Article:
Georgia Execution Has Nationwide Implications - With Update
STAY DENIED: The following is a statement from the Georgia Supreme Court issued this evening.
Atlanta, June 17, 2014 – In a 5-to-2 ruling, the Supreme Court of Georgia has denied a stay of execution for Marcus A. Wellons, who is scheduled to be put to death tonight by lethal injection at the Georgia Diagnostic and Classification Prison in Jackson, GA.
Wellons, 59, was convicted in Cobb County in 1993 of raping and strangling 15-year-old India Roberts, who lived in Vinings, GA, near the home of Wellons’ girlfriend. In addition to denying Wellons’ Motion for Stay of Execution, the Court has denied his application to appeal a Fulton County court order dismissing his constitutional challenge of the Georgia statute that protects as a “confidential state secret” the identities of the producers and suppliers of the state’s lethal injection drugs. Fulton County Superior Court Judge Robert McBurney also denied Wellons’ request for preliminary injunction and stay of execution. All the Justices concurred in today’s ruling except Justices Robert Benham and Carol Hunstein, who dissented.
Georgia death row inmate Marcus Wellons is scheduled to die by lethal injection today.
Barring a last minute intervention from the courts, Wellons execution would be the first since April 29th.
That’s when an Oklahoma inmate died of a heart attack during an execution which took nearly 45 minutes.
Wellons request for a stay of execution has been denied by the Georgia State Supreme Court and the U.S. Court of Appeal 11th Circuit.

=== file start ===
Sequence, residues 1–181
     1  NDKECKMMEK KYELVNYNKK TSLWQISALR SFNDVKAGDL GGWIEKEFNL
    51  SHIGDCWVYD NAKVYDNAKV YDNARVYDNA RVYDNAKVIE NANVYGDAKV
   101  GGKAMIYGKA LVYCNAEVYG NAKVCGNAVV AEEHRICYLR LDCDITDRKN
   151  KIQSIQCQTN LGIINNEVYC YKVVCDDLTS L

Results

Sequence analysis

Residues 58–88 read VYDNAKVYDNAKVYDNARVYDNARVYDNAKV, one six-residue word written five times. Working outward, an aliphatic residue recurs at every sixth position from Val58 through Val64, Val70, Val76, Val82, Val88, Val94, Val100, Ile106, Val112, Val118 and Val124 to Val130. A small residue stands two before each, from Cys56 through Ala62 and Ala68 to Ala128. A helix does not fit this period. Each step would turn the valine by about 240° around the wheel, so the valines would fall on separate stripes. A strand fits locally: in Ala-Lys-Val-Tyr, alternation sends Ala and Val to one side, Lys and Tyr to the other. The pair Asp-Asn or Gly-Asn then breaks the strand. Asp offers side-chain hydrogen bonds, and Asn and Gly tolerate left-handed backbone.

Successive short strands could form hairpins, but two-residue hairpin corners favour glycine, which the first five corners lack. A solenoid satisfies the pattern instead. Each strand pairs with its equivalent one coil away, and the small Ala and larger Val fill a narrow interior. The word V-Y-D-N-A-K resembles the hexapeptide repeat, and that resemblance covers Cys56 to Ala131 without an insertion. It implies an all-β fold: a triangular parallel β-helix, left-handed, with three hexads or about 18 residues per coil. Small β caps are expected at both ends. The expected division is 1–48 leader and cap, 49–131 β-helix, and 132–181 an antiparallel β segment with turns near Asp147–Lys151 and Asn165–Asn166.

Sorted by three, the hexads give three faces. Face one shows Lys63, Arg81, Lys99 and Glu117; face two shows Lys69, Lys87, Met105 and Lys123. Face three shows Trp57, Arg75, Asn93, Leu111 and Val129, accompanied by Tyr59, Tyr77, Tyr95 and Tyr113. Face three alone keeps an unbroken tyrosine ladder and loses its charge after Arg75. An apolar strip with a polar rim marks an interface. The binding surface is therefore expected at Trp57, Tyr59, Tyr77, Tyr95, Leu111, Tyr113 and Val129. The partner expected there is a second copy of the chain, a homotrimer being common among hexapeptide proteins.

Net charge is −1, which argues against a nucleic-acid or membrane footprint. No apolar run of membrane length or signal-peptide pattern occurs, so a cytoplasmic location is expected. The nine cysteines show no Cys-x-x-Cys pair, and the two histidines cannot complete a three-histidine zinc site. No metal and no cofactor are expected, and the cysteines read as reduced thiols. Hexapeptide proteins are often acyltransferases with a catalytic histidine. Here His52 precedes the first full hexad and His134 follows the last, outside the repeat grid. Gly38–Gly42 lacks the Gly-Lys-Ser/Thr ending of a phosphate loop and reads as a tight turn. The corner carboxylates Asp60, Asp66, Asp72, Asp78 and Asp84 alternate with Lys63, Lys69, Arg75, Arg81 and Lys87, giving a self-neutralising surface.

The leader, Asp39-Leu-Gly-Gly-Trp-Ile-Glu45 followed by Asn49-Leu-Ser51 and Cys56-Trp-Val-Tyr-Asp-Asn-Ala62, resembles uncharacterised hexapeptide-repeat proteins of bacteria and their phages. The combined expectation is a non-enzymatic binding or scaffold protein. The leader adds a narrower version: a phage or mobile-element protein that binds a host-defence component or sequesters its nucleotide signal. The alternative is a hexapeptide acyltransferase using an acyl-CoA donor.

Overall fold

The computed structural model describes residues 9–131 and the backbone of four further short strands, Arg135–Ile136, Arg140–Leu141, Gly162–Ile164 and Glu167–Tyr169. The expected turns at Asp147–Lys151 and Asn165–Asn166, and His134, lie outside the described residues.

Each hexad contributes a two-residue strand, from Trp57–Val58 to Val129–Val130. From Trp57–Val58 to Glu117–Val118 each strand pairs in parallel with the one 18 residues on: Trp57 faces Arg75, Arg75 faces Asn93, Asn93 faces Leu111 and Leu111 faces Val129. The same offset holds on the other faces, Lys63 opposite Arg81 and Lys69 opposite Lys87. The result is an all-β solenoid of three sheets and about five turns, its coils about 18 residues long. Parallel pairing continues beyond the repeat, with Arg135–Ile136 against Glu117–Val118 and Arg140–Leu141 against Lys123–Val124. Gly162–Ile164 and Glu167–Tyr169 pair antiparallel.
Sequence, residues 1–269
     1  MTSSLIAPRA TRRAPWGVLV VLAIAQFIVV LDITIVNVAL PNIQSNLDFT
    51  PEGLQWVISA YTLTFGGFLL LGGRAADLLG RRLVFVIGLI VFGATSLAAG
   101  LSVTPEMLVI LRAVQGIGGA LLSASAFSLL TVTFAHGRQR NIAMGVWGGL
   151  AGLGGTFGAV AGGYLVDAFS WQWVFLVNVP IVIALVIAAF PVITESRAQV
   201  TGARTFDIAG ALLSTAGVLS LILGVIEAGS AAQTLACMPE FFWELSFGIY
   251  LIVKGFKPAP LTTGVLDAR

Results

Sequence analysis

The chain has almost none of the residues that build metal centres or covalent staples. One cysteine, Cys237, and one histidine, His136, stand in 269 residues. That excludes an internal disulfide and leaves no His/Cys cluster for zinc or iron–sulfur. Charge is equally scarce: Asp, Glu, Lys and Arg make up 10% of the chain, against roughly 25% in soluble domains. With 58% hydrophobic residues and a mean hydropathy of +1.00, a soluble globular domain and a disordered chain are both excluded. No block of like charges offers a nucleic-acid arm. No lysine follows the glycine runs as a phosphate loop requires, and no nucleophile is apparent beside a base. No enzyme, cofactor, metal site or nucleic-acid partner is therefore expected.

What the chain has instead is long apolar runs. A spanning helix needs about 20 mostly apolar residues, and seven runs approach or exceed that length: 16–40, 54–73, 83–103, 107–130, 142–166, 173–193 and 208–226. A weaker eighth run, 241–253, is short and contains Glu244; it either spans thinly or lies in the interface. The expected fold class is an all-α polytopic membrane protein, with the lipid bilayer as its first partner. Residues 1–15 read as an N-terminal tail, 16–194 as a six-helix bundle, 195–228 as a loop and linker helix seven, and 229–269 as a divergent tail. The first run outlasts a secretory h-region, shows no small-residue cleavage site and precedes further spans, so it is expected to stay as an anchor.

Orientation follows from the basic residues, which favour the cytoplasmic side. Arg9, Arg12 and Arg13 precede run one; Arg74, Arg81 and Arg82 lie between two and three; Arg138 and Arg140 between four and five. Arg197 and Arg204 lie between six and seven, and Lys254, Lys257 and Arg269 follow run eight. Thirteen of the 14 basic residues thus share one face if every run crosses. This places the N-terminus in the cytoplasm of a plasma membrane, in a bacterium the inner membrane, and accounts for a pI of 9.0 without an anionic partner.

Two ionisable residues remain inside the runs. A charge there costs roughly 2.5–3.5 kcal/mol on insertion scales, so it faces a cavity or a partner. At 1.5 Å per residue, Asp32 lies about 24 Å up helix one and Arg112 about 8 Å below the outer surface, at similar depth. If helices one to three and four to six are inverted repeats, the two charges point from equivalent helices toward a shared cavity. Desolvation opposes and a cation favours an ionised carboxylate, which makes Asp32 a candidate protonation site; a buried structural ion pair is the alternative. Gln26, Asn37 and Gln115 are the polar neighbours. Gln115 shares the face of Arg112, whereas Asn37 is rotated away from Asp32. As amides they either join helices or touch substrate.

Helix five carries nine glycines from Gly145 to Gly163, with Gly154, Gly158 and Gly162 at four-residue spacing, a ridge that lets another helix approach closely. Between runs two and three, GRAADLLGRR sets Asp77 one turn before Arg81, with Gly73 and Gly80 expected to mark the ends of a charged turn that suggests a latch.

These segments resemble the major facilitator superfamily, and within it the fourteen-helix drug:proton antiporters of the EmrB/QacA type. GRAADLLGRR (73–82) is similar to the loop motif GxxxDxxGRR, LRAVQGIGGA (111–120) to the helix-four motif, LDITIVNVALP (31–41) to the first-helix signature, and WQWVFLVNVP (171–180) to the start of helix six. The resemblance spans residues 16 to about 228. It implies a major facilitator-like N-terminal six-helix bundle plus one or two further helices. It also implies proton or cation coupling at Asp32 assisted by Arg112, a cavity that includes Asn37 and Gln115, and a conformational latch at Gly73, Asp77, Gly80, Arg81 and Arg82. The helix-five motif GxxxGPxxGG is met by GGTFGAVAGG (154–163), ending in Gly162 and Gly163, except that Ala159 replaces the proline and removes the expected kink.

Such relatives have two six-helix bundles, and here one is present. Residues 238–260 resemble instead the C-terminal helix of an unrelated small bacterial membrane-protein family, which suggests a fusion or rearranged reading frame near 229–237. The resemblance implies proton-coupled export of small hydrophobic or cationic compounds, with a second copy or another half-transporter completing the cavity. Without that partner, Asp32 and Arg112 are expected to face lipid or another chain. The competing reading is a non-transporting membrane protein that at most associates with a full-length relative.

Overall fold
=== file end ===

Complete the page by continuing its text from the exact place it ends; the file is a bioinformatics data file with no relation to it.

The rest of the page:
WABE’s Rose Scott reports this execution has nationwide implications because of legal challenges to the secrecy surrounding execution drug manufacturers.
If there are any problems with tonight’s execution, Georgia State University law Professor Lauren Lucas says expect more of those legal challenges.
“It’s just simply not right that you can use any means actually kill the individual. You know, we don’t tolerate torture. We don’t tolerate cruel and unusual punishment. So, not every means of execution is going to be upheld under the constitution.”
Challenges to the Georgia law that keeps the identity of the execution drug supplier a secret have not succeeded.
But that law according to Steven Hawkins allows for what he calls an experimental and cruel method of ending someone’s life.
“We have seen numerous problems with lethal injection themselves through personnel administering the drugs who are not trained medical professionals in many instances.”
Hawkins is the executive director of Amnesty International in the U.S.
In Oklahoma, an independent autopsy revealed officials failed to properly insert needles into Clayton Lockett’s arm.
Reports say it was clear Lockett was in distress.
The Georgia Department of Corrections says executions here are carried out with extreme detail and all personnel know their duties.
According to documents obtained by WABE, at least two physicians, a nurse and three trained staff members are involved in the execution.
Marcus Wellons, 59, was convicted of the rape and murder of his 15-year-old neighbor India Roberts in 1989.
Although the number of executions in the United States has decreased, the cost of executions has not.
A Duke University study found if North Carolina eliminated the death penalty during the 2005 and 2006 fiscal year, the state would have saved $11 million in criminal justice costs, including incarceration and appeals.
According to a 2001 federal report, the median cost for a federal capital prosecution case authorized by the Attorney General is more than $300,000.